The primary fallacy here is suppressing the context, which is common enough, but does not seem to have a traditional name, even though, in our high-information environment, it is a staple of hyperbolic rhetoric, a la FOX News or liberal media who publish questionable academic 'proof'.
Although one could apply the notion of 'quoting out of context', what is being 'quoted' is statistics and not words, so the actual origin of the mismatch between context and presentation is somewhat obscured, and is easier to lose. I would suggest something like 'isolation from context' as a broader name for the statistical version of this fallacy.
The analysis you cite isolates one 'moment of change' from the more basic one on purpose. If Swedes were of average IQ, on average, this could be seen as something problematic. But they aren't: Kind of like the Norwegians of Lake Woebegone, all their children are above average. That is nice for them, but it probably comes at a cost.
When artificial boundaries are weakened, statistics undergo regression toward the mean. Get more normal in one way, and you will get more normal in others. You don't get to choose which ones. The false imputation of meaning to natural regression toward the mean often goes one step further: by focussing on these 'unforeseen consequences', you can impugn the logic behind the initial change without tallying its advantages, and mourn the loss of a destructive boundary.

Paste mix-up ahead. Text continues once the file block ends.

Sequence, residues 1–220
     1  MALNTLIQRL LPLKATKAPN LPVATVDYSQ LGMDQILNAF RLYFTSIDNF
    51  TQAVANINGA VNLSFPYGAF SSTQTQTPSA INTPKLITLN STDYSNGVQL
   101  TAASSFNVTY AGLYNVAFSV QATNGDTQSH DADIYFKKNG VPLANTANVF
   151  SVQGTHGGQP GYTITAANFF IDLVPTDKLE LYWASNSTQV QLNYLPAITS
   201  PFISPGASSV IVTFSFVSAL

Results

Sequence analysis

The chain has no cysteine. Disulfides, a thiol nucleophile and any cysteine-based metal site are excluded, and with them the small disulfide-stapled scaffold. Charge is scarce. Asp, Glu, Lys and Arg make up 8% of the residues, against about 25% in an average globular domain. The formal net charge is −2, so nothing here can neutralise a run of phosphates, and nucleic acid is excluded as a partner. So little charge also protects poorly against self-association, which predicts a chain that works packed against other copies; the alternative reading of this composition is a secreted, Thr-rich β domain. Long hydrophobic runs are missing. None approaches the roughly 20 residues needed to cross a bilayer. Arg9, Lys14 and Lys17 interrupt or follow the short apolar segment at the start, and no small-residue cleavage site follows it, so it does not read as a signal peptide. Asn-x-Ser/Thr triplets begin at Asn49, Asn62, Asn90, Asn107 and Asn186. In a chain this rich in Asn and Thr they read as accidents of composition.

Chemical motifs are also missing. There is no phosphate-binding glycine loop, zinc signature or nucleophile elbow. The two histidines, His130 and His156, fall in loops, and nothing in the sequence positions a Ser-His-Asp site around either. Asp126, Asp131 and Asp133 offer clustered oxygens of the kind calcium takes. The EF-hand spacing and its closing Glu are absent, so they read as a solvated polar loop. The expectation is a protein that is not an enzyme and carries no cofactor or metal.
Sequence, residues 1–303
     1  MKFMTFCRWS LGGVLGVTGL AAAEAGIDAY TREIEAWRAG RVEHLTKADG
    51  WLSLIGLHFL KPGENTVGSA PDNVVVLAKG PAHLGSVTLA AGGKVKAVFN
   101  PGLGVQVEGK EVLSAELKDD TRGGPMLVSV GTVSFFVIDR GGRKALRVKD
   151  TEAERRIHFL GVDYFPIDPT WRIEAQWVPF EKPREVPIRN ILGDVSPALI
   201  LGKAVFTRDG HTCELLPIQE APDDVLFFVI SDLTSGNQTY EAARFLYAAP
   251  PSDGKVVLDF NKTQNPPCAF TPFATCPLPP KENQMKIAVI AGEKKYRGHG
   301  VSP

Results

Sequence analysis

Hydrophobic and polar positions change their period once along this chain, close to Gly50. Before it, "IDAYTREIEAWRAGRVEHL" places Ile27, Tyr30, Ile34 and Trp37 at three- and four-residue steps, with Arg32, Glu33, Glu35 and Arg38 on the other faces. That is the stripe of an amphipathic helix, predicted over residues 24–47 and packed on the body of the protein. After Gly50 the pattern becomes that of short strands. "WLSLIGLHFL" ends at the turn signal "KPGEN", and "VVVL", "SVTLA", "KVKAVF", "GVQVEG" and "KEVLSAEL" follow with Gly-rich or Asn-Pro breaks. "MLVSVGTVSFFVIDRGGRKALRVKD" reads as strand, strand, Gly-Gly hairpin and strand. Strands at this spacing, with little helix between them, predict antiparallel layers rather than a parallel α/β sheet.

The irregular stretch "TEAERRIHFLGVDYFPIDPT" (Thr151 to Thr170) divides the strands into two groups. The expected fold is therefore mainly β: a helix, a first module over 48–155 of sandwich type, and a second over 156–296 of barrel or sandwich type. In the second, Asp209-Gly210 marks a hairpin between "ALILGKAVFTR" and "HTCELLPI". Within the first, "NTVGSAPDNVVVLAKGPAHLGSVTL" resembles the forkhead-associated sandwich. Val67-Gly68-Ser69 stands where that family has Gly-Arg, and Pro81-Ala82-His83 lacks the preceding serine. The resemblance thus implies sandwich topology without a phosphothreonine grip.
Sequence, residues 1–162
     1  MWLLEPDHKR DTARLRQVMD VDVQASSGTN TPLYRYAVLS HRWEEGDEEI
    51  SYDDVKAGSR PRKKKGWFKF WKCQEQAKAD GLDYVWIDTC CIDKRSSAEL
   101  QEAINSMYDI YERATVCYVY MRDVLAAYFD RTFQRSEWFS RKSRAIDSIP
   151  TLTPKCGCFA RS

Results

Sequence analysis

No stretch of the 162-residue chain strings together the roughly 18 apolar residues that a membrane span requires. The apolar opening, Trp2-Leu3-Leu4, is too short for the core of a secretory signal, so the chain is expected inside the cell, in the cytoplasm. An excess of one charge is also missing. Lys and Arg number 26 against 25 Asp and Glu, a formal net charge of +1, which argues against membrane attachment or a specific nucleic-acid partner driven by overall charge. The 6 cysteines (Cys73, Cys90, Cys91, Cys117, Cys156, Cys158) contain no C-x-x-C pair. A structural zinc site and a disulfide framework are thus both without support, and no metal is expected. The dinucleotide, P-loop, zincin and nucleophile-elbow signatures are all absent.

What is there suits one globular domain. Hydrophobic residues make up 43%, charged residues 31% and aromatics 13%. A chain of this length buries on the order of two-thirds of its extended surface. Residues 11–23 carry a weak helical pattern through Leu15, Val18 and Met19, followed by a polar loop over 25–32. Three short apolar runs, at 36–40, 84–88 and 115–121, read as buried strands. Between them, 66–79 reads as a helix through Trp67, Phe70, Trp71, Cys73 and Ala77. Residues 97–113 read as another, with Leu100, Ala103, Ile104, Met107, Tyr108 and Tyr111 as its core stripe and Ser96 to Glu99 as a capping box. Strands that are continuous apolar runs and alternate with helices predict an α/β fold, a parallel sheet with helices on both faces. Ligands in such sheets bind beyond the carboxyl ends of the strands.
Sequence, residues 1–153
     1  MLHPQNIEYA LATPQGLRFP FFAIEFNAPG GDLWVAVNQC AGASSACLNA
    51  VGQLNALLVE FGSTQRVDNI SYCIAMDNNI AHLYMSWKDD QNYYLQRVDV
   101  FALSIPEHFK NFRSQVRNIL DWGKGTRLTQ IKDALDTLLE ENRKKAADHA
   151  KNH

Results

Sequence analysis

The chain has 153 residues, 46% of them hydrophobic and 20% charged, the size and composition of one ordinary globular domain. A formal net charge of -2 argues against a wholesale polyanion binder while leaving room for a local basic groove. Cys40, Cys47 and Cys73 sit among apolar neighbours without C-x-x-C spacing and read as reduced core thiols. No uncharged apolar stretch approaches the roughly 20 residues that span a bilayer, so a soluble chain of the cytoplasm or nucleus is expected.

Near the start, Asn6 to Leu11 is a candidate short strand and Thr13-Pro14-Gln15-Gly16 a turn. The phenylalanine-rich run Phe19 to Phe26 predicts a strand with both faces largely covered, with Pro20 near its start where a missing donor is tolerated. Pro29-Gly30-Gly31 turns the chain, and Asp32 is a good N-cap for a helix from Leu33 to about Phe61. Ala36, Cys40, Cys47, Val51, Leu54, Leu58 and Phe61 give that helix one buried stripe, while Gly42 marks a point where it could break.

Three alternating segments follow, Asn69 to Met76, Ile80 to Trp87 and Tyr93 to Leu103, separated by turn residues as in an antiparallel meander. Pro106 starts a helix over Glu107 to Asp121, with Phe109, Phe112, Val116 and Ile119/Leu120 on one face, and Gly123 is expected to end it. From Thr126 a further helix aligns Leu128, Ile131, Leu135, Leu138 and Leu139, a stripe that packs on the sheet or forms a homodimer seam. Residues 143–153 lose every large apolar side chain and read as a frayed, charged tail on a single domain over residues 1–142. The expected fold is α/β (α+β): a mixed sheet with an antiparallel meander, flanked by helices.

(To digress a bit, that may be what is going on here, at another level -- low food prices are normal now, and they do reduce both the impact of religious charity (and thus the idea that religion has a point) and personal discipline. But who wants folks to starve so your children are scared into thinking straight? That is your job...
Of course the conservatives want us to see Church -> discipline -> IQ, and that requires another fallacy -- an argument from religious authority and anecdotal evidence over science. Alcoholics Anonymous aside, obesity and addiction historically have little to do with the kind of discipline church provides, for most people. The US has been more addictive than it is now (To the Americans: believe it or not), when it was quite a bit more religious (To the Europeans: believe it or not). Normal people voted for Prohibition for a reason. They were legitimately scared.)
But this kind of thing is really, really common way of abusing statistics, that goes way beyond attention to change while willfully ignoring absolute status.
An example unrelated to rates of change: Conservatives argued in the 80's and 90's, that homosexuals were richer than average, because on average those who were publicly reporting themselves as homosexuals had more accumulated wealth. (Therefore we should not spend extra money protecting them -- they can spend it themselves. Therefore they should be excluded from hate-crimes legislation, despite being a major target of hate crimes.)
This isolates the figure from its context, because it ignores the degree to which most homosexuality is hidden, for various reasons, primarily related to hate crimes. (But also to various government definitions of 'family', and economic sexism (and the sex difference in the frequency of bisexuality) keeping lesbians married to men more often than gay men remain married to women.)